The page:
Seven deadly sins
I’ve long asserted that agriculture is far too important to be left to the Department of Agriculture (DA) alone. Our farm and fisheries sector is the concern of every Filipino, because on it hinges our ability to feed our people, while also providing important products other than food. Last week, I suggested that getting back to the two basics — our people and our land — should be top priority in planning the nation’s way forward. Having discussed the first, especially in terms of addressing our serious education crisis, I now turn to our land, particularly in maximizing the value and benefits we get from our farms, and coastal and inland waters.
Of the three major economic sectors, agriculture is the most evenly spread across the country’s regions. In stark contrast, Metro Manila and Calabarzon alone already account for more than half of our services gross domestic product, while for our industry GDP, more than half comes just from Calabarzon, Metro Manila, and Central Luzon. Agriculture is truly our most inclusive economic sector, and our best bet to achieving inclusive economic development.
That the incoming president has been taking his time to name his agriculture secretary suggests that he sees the success of his presidency hinging crucially on the sector’s performance. A reliable source tells me that he would like to see a thorough overhaul and restructuring of the agriculture bureaucracy if Philippine agriculture were to stop lagging far behind those of our neighbors, whose agriculture experts we once mentored. He, thus, needs an agriculture secretary who can effectively preside over such a major house cleaning and renovation. Having studied the sector for decades, I had concluded long ago that what Philippine agriculture most critically needs is fundamental bureaucratic and institutional reform, without which it would simply continue being the drag on our overall economic progress.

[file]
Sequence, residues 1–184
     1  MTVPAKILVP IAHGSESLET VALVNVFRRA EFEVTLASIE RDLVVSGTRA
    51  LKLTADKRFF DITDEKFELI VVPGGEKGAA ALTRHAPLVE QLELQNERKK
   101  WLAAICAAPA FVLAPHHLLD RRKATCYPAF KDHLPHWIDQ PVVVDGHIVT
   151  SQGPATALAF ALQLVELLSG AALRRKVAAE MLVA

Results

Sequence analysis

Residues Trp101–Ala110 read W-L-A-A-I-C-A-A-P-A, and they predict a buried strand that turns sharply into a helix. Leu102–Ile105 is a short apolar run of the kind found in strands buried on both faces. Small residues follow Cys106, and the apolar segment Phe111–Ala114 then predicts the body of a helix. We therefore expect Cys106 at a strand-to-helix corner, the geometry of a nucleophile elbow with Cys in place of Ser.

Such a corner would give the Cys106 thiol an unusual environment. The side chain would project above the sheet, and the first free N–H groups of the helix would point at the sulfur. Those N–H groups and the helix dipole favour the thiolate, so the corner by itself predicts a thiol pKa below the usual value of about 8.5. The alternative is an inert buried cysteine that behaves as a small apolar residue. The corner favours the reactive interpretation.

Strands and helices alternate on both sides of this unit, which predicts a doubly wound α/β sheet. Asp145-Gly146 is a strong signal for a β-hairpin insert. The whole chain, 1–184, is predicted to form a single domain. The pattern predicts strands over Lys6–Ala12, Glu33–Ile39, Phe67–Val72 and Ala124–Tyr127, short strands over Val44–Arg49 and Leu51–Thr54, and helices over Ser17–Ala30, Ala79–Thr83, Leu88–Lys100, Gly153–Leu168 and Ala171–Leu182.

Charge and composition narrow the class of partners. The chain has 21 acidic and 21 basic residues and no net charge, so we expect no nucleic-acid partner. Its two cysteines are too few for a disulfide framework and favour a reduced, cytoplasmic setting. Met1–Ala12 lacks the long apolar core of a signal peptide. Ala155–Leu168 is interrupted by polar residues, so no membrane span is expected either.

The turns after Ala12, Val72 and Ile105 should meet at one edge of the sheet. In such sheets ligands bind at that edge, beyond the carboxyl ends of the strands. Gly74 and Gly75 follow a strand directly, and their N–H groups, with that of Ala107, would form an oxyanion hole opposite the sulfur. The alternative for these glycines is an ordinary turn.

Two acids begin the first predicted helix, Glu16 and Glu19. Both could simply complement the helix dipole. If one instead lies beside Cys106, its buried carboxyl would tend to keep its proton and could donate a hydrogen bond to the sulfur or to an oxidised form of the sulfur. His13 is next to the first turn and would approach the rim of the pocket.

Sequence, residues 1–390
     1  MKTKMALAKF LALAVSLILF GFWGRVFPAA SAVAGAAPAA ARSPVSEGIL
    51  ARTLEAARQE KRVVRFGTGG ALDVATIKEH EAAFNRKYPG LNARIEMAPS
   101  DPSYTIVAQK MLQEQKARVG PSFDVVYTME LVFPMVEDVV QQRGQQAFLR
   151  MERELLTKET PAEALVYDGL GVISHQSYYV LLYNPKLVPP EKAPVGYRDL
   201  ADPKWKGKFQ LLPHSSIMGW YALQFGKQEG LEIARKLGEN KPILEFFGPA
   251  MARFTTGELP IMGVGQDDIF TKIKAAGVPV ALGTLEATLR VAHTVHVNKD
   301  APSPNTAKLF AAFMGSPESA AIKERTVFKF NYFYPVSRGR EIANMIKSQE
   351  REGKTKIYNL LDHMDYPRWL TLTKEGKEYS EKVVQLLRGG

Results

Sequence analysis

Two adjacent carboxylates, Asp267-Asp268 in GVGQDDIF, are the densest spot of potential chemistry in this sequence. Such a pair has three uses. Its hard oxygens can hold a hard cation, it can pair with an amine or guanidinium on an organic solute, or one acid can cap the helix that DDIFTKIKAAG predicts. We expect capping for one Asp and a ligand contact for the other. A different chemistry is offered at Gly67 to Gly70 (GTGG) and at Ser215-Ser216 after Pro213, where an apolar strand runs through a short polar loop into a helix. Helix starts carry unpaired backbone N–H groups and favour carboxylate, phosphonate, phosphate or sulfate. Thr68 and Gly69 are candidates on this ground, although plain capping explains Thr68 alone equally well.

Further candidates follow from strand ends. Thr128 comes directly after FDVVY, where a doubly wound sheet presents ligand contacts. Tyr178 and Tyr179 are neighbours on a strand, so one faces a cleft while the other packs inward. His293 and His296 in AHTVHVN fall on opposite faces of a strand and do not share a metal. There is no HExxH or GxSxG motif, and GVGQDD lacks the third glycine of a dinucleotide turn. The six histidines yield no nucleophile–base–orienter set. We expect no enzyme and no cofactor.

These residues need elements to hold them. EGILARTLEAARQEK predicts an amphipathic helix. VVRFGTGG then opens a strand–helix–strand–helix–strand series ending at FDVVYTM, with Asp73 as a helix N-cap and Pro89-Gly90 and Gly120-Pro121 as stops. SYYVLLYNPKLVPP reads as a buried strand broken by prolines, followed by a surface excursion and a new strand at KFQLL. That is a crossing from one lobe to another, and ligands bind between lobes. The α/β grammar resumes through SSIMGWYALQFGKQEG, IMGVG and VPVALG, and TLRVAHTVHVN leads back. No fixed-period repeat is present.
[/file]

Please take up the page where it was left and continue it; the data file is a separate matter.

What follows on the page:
It’s not a problem of lack of knowledge or technology to raise productivity; we’ve long had that in the University of the Philippines Los Baños and our other agricultural knowledge centers, where we’ve even taught our neighbors since the 1960s. Rather, it’s our persistent inability to have our farmers properly and widely apply and benefit from that knowledge in farms all over the country, because of what I’d call the “seven deadly sins” of our DA. The DA (1) persisted with a largely top-down centralized approach to managing the sector, in spite of the devolution mandated by the Local Government Code of 1991; (2) was unduly obsessed with rice self-sufficiency, to the relative neglect of other crops, both in terms of attention and budgets; (3) inordinately focused on farm production and neglected the rest of the agricultural value chain for a holistic systems perspective; (4) was largely structured and organized according to commodities rather than according to key central functions it must fulfill under the mandated devolved setup; (5) relied primarily on protecting our farmers by closing our domestic markets to foreign competition, to the neglect of nurturing them to shape up so they can well compete and thrive in both our internal and export markets; (6) failed to respond to the fragmentation of our farms from agrarian reform and generational partition, via effective consolidation and clustering schemes that our neighbors had used to good advantage; and (7) neglected to work with public and private financial institutions to ensure farmers ample access to working capital, so they could maximize use of superior technologies and inputs, profit from improved productivity, and thereby raise their families’ incomes and welfare.
Furthermore, it’s no secret that much of our agriculture budget has failed to go to its intended uses to benefit farmers, but ends up in the wrong pockets in a bureaucracy that has traditionally been notorious for graft and corruption. I’ve written about suggested solutions to all these “sins” over the last 20 years. But old habits die hard, and we have yet to see substantial reform in the agriculture bureaucracy since then. Meanwhile, Filipino farmers and food consumers continue to suffer from it.
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